8 vi The Best Interests framework for vulnerable children and youth For professionals working under the CYFA, a set of introductory papers will assist practitioners to apply the Best Interests principles of that Act. These papers are: Best Interests principles: a conceptual overview Cumulative harm: a conceptual overview Stability: a conceptual overview. These introductory papers will be followed by practice guidance and tools, which will provide more detail about the implications of the Best Interests framework for the way that all staff in family services, child protection and placement services go about their day-to-day work with children and families.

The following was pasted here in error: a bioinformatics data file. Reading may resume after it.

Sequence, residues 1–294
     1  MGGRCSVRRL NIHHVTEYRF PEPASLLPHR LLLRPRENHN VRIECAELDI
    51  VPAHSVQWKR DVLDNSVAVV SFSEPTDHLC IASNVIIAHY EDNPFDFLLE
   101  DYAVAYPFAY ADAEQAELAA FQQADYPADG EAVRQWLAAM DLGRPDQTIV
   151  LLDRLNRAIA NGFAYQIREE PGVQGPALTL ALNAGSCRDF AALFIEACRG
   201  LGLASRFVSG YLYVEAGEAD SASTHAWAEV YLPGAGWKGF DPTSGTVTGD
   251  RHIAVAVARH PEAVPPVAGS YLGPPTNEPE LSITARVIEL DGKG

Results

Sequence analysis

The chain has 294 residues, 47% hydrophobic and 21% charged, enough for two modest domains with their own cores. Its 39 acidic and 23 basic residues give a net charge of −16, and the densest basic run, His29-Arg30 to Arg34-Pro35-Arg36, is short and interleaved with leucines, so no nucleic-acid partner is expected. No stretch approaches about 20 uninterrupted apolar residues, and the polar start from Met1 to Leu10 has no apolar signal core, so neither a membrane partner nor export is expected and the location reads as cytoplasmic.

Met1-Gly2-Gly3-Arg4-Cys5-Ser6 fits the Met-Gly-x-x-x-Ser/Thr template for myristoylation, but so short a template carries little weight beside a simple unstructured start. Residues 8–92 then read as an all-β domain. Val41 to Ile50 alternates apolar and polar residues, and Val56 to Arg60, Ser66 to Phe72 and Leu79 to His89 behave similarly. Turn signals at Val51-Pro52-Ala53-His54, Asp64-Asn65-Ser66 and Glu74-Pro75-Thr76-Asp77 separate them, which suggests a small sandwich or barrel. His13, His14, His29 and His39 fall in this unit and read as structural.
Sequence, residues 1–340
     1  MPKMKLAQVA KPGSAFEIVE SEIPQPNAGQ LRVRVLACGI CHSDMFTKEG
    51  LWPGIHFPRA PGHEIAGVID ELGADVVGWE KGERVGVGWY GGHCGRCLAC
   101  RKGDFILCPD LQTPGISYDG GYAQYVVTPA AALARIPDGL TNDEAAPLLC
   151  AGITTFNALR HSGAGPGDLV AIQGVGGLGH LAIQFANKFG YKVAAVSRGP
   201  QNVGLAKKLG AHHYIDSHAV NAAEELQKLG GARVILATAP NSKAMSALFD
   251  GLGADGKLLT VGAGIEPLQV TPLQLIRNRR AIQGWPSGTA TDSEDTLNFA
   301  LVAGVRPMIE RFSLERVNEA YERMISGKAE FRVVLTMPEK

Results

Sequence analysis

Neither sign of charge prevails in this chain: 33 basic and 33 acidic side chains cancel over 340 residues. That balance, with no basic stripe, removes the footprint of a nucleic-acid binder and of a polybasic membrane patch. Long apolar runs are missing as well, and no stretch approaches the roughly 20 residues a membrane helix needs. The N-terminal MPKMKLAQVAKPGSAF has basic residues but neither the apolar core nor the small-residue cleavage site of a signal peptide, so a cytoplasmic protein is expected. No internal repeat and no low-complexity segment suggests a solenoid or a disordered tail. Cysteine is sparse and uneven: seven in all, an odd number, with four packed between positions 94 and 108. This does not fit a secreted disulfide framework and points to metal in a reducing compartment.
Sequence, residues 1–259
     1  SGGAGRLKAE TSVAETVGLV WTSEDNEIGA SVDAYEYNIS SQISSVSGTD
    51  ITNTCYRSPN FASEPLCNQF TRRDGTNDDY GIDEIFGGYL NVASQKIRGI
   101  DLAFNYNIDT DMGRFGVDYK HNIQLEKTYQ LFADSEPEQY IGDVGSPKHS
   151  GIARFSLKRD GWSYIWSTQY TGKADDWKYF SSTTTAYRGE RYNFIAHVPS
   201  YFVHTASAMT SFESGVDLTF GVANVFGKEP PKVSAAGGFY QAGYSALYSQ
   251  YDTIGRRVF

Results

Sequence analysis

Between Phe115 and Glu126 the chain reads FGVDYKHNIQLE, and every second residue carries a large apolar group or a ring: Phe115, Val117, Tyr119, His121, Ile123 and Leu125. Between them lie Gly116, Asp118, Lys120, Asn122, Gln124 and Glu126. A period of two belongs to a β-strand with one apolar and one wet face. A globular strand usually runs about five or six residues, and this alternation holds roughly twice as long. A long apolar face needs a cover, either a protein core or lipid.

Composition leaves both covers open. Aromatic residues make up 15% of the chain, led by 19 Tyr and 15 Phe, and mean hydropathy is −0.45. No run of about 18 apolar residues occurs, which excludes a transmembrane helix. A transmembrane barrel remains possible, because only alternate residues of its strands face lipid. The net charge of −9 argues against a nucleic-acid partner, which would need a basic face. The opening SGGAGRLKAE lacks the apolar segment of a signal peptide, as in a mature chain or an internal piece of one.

9 The Best Interests framework for vulnerable children and youth 1 1. Introduction This paper describes how the Best Interests principles and related provisions of the Children, Youth and Families Act 2005 (CYFA) attend to the particular needs of children who are vulnerable as a result of their family s circumstances, dynamics and social isolation. It sets out a Best Interests framework, to assist professionals working in family services, child protection and placement services to apply the new Act in making a difference to these children s lives. This framework will support a consistent understanding of the CYFA and inform the development of more detailed practice guidance and tools. Working in the best interests of vulnerable children is not new. Promoting positive outcomes for vulnerable children and families is reflected in organisational mission statements, objectives, policies and programs across Victoria. For generations, local communities and universal and targeted services have supported vulnerable families and helped children to grow, thrive and succeed in the world. Local partnerships have helped to strengthen pathways and collaboration between universal, secondary and tertiary child and family services to more effectively provide vulnerable families with the help they need. Statewide initiatives such as Best Start, Municipal Early Years Planning, the Family Support Innovations Projects and Looking After Children have supported these directions. The development of this Best Interests framework for vulnerable children and youth is the next step in supporting a coherent approach to privileging and promoting children s best interests across the program areas of family services, child protection and placement services. It provides a foundation from which we can establish a common language and build a shared understanding. The objectives of this Best Interests framework are as follows: To create a shared understanding, a common language and a consistent approach to ensuring the best interests of vulnerable children, youth and their families across the three core work functions involved with vulnerable children, youth and their families, namely: assessment - which informs planning - which guides action - that benefits the child. To assist family services, child protection and placement services to respond to a child s needs for safety, stability and development, in coherent and holistic ways that recognise and strengthen the links between a child and family and their local community resources. To give the needs and interests of Aboriginal children and their families appropriate attention and prominence and drive the development of more coherent, integrated and culturally aware service responses.